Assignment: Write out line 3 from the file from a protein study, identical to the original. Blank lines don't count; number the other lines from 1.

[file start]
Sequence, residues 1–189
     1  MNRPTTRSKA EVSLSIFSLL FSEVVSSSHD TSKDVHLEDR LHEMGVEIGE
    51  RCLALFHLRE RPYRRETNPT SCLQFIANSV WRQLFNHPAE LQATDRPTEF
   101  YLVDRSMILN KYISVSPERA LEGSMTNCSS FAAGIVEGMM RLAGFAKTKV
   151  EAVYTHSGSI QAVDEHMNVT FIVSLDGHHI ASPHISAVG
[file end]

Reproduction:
    51  RCLALFHLRE RPYRRETNPT SCLQFIANSV WRQLFNHPAE LQATDRPTEF